Thomas Smith was just a boy when peaceful protesters in Selma, Ala., were assailed by police armed with billy clubs and tear gas on March 7, 1965, a day that has infamously been dubbed “Bloody Sunday.”
Fifty years later, Smith, now chief of the St. Paul Police Department, was one of thousands who made the trip to Alabama to re-enact the civil rights march along the Edmund Pettus Bridge.
“I’ve never seen so many people. … It was for me, very powerful,” Smith said Thursday.
Smith and about 70 local leaders, clergy and other community members from Minnesota headed south earlier this month to commemorate the anniversary of the clash and discuss race relations.
Other notable public figures who were there included Metro Transit Police Chief John Harrington, St. Paul NAACP President Jeff Martin, former Minnesota Vikings punter Greg Coleman and Debbie Montgomery, St. Paul’s first female patrol officer and a former City Council member who also participated in the march years ago.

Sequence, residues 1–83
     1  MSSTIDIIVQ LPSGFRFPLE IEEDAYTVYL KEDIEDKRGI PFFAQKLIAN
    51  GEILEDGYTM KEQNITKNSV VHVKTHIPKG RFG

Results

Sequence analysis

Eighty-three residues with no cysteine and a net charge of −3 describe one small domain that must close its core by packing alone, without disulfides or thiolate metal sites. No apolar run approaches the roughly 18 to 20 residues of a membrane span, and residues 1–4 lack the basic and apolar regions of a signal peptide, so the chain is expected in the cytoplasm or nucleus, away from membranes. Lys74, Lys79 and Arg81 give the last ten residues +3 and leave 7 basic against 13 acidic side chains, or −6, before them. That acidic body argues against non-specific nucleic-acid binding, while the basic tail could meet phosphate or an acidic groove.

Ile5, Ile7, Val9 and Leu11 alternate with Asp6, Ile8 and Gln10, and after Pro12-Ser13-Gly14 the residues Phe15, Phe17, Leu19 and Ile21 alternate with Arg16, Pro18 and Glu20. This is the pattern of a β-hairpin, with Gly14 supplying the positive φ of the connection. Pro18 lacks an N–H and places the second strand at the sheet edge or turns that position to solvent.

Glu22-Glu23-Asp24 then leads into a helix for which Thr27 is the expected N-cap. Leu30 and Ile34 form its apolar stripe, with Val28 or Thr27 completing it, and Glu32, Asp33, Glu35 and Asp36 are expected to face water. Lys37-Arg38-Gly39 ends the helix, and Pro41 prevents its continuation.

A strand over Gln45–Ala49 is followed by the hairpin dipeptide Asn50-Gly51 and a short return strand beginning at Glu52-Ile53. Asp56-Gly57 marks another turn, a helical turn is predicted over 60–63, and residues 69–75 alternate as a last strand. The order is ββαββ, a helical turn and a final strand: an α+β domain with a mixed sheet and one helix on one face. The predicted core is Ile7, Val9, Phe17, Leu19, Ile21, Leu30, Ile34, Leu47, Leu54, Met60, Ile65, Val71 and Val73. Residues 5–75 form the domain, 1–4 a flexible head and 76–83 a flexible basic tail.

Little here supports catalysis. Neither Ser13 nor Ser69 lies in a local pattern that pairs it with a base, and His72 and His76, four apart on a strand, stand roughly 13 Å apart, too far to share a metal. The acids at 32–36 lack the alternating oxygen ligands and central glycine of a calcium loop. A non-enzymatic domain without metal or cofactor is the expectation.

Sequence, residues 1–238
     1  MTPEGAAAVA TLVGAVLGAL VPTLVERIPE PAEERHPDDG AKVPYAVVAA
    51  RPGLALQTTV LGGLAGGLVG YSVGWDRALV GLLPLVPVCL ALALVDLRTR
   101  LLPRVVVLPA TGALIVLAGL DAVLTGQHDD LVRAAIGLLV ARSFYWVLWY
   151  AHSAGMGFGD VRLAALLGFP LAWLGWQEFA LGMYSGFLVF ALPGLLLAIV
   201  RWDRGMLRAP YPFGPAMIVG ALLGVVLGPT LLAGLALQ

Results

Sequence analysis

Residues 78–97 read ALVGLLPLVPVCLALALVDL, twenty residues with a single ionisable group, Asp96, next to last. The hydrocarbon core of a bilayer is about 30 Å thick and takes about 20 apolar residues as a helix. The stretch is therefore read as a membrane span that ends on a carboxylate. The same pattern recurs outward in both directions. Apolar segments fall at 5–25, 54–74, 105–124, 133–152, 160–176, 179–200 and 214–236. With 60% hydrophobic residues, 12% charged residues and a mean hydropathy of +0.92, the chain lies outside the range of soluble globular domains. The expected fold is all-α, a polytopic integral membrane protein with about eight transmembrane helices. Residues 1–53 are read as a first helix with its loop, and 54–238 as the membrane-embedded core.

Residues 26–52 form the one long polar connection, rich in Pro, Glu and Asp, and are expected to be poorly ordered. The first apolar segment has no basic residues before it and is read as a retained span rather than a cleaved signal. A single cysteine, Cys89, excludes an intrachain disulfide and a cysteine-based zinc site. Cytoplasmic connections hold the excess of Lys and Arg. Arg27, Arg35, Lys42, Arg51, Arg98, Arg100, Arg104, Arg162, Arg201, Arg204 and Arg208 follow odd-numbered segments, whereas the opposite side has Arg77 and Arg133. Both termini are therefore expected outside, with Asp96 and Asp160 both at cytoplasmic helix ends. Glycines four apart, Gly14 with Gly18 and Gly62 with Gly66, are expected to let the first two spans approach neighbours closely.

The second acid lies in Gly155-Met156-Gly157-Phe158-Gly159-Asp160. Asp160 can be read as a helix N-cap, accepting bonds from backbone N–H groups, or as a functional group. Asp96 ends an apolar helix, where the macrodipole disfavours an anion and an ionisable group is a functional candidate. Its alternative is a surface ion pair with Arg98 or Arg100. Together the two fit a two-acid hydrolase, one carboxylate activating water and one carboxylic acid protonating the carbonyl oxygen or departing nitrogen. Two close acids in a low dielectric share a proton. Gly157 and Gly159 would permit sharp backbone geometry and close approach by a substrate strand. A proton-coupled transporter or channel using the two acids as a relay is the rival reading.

The trip was organized by Unity Church-Unitarian and Above Every Name Ministries, said the Rev. Danny Givens, a resident minister at Unity and senior pastor at Above. The trip, funded by church and grant money, focused on building community, Givens said.
“The work around civil rights is still yet a work in progress,” he said. “There are still many bridges that we have to cross.”
While on the pilgrimage, the group visited several landmarks, such as the 16th Street Baptist Church in Birmingham, where four girls were killed during a bombing in 1963, and the National Civil Rights Museum in Memphis, Tenn.
“We need to continue thoughtful conversations. … We need to continue to have conversations and look forward, no matter our race or religion,” Smith said.
This week, some who made the trip met again to talk about it. The coalition will meet again to determine how to apply locally the lessons they learned in Selma.